by Peter Watts
  4. Ponies
    by Kij Johnson
In comparison, in our book club vote (using the Hugo alternative voting system) placed the stories in the following order:
  1. The Things
  2. For Want of a Nail
  3. Ponies / Amaryllis
On the other hand, Ponies won the latest Nebula award

Best Related Work

  1. Chicks Dig Time Lords: A Celebration of Doctor Who by the Women Who Love It (WINNER)
    edited by Lynne M. Thomas and Tara O’Shea
  2. Robert A. Heinlein : In Dialogue with His Century, Volume 1: (1907–1948): Learning Curve
    by William H. Patterson, Jr.
  3. The Business of Science Fiction: Two Insiders Discuss Writing and Publishing
    by Mike Resnick and Barry N. Malzberg
  4. Writing Excuses , Season 4 
    by Brandon Sanderson, Jordan Sanderson, Howard Tayler, Dan Wells
  5. Bearings: Reviews 1997-2001
    by Gary K. Wolfe
The Heinlein book could have won an award for the longest title.

Best Graphic Story

  1. Girl Genius, Volume 10 (WINNER)
  2. Fables: Witches
  3. Schlock Mercenary
  4. Grandville Mon Amour
  5. The Unwritten
Personally, my vote would have gone to Grandville Mon Amour, but then I didn’t get a vote...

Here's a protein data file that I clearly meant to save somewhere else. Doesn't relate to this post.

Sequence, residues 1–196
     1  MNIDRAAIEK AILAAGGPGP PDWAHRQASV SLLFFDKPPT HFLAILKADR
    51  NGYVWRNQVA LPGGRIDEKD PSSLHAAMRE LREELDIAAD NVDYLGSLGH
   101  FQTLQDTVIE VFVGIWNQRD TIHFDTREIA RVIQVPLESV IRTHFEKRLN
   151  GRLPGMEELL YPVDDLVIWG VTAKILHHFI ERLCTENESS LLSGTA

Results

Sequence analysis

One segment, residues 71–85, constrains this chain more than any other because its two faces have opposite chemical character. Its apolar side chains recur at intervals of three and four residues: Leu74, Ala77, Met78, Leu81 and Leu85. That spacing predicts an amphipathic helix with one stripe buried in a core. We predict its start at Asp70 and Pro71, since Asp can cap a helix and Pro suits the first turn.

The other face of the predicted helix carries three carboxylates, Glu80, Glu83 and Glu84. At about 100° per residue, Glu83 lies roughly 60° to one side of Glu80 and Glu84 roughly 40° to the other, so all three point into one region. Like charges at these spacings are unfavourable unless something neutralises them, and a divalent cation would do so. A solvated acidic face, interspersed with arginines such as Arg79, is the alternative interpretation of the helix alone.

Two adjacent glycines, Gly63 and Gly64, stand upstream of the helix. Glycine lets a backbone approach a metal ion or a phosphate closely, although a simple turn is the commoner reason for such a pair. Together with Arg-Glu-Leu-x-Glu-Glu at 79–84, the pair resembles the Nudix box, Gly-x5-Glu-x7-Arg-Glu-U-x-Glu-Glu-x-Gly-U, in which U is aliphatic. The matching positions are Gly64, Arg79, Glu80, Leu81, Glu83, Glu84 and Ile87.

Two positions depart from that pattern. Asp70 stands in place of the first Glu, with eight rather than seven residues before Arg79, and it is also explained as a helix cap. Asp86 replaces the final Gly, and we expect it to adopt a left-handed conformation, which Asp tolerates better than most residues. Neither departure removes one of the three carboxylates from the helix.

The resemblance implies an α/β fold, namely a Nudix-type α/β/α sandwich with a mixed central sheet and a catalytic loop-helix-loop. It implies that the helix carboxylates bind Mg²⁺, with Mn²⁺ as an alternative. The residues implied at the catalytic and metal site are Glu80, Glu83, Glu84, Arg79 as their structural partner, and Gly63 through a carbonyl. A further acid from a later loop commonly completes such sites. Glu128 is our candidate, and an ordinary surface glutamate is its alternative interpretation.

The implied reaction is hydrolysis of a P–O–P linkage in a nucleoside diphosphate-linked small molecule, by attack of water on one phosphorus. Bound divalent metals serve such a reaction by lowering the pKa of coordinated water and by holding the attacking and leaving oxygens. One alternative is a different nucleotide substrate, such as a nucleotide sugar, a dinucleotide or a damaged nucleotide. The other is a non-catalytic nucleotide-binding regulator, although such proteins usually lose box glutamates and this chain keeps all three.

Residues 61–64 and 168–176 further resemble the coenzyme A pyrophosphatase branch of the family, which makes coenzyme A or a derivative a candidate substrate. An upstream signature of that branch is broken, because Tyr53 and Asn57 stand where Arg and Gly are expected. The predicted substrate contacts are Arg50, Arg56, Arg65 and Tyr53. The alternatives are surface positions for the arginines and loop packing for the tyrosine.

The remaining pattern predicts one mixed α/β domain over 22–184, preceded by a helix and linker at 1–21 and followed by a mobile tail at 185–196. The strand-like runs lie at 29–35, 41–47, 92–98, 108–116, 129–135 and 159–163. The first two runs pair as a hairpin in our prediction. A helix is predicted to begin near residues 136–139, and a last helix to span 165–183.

Best Dramatic Presentation, Long Form

  1. Inception (WINNER)
  2. How to Train Your Dragon
  3. Harry Potter and the Deathly Hallows: Part 1
  4. Toy Story 3
  5. Scott Pilgrim vs. the World
Inception also won the Nebula Ray Bradbury award

Best Dramatic Presentation, Short Form

  1. Doctor Who: “The Pandorica Opens/The Big Bang” (WINNER)
    written by Steven Moffat; directed by Toby Haynes
  2. Doctor Who: “Vincent and the Doctor”
    written by Richard Curtis; directed by Jonny Campbell
  3. Doctor Who: “A Christmas Carol” 
    written by Steven Moffat; directed by Toby Haynes
  4. Fuck Me, Ray Bradbury
    written by Rachel Bloom; directed by Paul Briganti
  5. The Lost Thing
    written by Shaun Tan; directed by Andrew Ruhemann and Shaun Tan
Interestingly (in a geekish way), while most results reflect the ordering in the initial count of votes, Fuck Me, Ray Bradbury came second in each of the alternative vote run-offs, and The Lost Thing always came third.